Many have been put off the idea of cloud technology in the fear that someone may hack or damage the server and that they have no physical ownership of it. However, Cloud servers are in fact incredibly secure – made practically unhackable due to encrypting and ‘sharding’ all the files. And whilst a thief may be to run away with a computer or a laptop, trying to manhandle a server is very unlikely.
Even if you prefer to physically own your files on a local server or on your computers, you can still use the Cloud as useful backup tool. Disaster recovery programmes allow you to easily block files locally and access files from the cloud in the event of a disaster such as a storm, fire, flood or ransomware attack. If the office is destroyed or the network is hacked, you can still keep business going. Such software was once affordable only by huge companies, but now all businesses can realistically invest in it. In this online-reliant world where continuity is key, disaster recovery software if lifesaving technology.
Smartphones allow business to exist outside the office. Apps have turned phones into multi-purpose objects practically capable of doing what a computer does. Accountancy software, personal organisers, HR tools and video calling software (as already discussed) can all be downloaded as apps and accessed on the go. There are also apps for niche business uses such as graphic design and translation tools. On top of this, there are apps that exploit the portability that smartphones offer unavailable on your PC, from digital signature software to spirit level apps for builders and decorators.
Even if you can’t find an app that suits your need, you can always create your own. This could involve a training app for new staff or a guide to various tool and processes. You can also create an app as marketing tool for clients. This could include a fun interactive game, a catalogue for all your products, a menu app that allows customers to order food or a digital loyalty card. There are several companies that specialise in app production, such as this site: wondermentapps.com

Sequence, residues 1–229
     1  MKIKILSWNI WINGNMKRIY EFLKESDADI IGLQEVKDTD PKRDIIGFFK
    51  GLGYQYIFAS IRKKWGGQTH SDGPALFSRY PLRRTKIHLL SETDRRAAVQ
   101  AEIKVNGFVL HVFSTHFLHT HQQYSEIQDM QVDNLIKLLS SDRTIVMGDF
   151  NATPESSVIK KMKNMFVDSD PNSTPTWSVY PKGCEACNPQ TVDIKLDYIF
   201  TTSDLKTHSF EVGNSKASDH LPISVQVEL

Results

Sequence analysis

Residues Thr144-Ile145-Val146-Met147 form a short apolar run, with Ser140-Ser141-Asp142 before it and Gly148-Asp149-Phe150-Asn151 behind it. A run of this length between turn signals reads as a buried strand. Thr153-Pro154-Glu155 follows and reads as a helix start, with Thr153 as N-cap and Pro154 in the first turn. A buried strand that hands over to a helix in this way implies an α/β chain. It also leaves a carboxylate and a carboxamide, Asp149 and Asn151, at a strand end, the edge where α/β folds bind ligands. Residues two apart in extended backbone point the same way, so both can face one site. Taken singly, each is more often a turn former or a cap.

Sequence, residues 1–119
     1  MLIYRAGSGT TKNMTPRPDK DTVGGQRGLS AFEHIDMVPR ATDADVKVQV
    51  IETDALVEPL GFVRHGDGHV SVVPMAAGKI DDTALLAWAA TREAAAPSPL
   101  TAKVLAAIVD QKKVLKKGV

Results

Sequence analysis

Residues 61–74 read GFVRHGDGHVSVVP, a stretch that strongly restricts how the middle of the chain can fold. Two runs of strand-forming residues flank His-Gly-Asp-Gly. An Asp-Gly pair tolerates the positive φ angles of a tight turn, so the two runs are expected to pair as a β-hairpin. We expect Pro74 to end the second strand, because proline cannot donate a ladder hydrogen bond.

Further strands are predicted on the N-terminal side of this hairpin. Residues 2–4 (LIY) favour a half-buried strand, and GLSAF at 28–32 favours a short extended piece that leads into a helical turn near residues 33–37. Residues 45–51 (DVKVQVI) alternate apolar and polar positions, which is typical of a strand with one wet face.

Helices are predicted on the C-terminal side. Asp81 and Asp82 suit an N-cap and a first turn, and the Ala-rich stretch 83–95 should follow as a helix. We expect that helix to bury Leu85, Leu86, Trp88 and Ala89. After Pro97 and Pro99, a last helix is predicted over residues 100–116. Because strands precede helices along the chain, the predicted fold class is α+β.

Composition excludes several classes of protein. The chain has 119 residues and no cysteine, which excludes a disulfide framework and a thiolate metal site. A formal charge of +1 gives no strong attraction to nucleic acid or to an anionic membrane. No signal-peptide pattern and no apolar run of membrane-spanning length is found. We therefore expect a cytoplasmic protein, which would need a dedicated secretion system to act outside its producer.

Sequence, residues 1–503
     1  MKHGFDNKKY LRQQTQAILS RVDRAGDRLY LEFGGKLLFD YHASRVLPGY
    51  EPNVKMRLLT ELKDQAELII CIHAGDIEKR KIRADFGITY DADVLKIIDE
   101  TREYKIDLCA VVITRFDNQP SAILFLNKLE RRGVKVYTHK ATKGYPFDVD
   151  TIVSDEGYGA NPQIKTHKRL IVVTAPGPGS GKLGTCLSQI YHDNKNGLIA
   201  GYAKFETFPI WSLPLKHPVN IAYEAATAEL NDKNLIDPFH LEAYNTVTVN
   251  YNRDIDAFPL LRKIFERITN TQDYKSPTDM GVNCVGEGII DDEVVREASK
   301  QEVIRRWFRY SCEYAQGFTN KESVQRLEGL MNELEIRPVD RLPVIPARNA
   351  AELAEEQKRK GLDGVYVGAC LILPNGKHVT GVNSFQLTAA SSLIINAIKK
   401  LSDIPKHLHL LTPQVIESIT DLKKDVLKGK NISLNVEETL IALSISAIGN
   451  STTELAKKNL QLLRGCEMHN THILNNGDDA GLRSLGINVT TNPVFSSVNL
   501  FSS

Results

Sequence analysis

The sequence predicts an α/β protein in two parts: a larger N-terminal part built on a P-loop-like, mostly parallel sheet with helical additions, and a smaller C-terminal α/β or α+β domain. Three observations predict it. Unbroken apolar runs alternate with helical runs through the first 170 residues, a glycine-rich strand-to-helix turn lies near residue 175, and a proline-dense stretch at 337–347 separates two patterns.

This decade has seen us all getting a lot more environmentally friendly, due to increased taxes on fossil fuels and harder legislation. Less people are scoffing at green technology and realising that it is not only more sustainable but affordable. Companies that go green are also treated with greater respect by the growing environmentally aware population.
Some companies have gone entirely paperless, whilst others have switched all their power sustainable sources. Some companies have installed solar panels, whilst others have adopted electric company cars.
If switching entirely to sustainable energy is too much of a leap, installing CFL and LED lights can be a much more energy efficient method than using regular bulbs as well as looking into greener appliances. When it comes to cleaning products, there are also many biologically friendly versions out there that don’t use the harmful chemicals and non-degradable containers that standard cleaning products do. An energy audit can be a great of finding out how much energy you use, so that you can invest in cleaner machinery and products.